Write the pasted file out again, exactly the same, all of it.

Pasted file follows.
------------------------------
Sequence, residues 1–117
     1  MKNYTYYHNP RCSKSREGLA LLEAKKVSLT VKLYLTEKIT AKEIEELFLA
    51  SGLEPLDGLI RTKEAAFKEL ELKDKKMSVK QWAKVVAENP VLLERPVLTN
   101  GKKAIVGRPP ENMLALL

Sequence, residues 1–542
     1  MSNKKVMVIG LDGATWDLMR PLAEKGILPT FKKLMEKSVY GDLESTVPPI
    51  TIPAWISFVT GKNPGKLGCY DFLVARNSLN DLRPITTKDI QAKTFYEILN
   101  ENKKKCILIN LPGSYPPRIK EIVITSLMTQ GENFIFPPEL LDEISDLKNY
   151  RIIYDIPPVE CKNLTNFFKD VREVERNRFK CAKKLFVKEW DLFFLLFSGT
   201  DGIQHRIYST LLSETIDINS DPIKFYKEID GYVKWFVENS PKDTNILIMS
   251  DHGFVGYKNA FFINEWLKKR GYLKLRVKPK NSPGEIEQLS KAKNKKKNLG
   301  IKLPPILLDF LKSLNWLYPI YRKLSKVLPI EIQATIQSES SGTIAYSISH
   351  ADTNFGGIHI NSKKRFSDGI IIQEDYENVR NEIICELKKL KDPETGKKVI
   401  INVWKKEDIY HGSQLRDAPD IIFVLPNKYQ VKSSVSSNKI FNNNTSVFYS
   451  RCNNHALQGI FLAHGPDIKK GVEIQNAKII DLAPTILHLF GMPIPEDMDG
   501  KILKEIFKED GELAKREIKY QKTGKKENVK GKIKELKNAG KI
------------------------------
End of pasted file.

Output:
Sequence, residues 1–117
     1  MKNYTYYHNP RCSKSREGLA LLEAKKVSLT VKLYLTEKIT AKEIEELFLA
    51  SGLEPLDGLI RTKEAAFKEL ELKDKKMSVK QWAKVVAENP VLLERPVLTN
   101  GKKAIVGRPP ENMLALL

Sequence, residues 1–542
     1  MSNKKVMVIG LDGATWDLMR PLAEKGILPT FKKLMEKSVY GDLESTVPPI
    51  TIPAWISFVT GKNPGKLGCY DFLVARNSLN DLRPITTKDI QAKTFYEILN
   101  ENKKKCILIN LPGSYPPRIK EIVITSLMTQ GENFIFPPEL LDEISDLKNY
   151  RIIYDIPPVE CKNLTNFFKD VREVERNRFK CAKKLFVKEW DLFFLLFSGT
   201  DGIQHRIYST LLSETIDINS DPIKFYKEID GYVKWFVENS PKDTNILIMS
   251  DHGFVGYKNA FFINEWLKKR GYLKLRVKPK NSPGEIEQLS KAKNKKKNLG
   301  IKLPPILLDF LKSLNWLYPI YRKLSKVLPI EIQATIQSES SGTIAYSISH
   351  ADTNFGGIHI NSKKRFSDGI IIQEDYENVR NEIICELKKL KDPETGKKVI
   401  INVWKKEDIY HGSQLRDAPD IIFVLPNKYQ VKSSVSSNKI FNNNTSVFYS
   451  RCNNHALQGI FLAHGPDIKK GVEIQNAKII DLAPTILHLF GMPIPEDMDG
   501  KILKEIFKED GELAKREIKY QKTGKKENVK GKIKELKNAG KI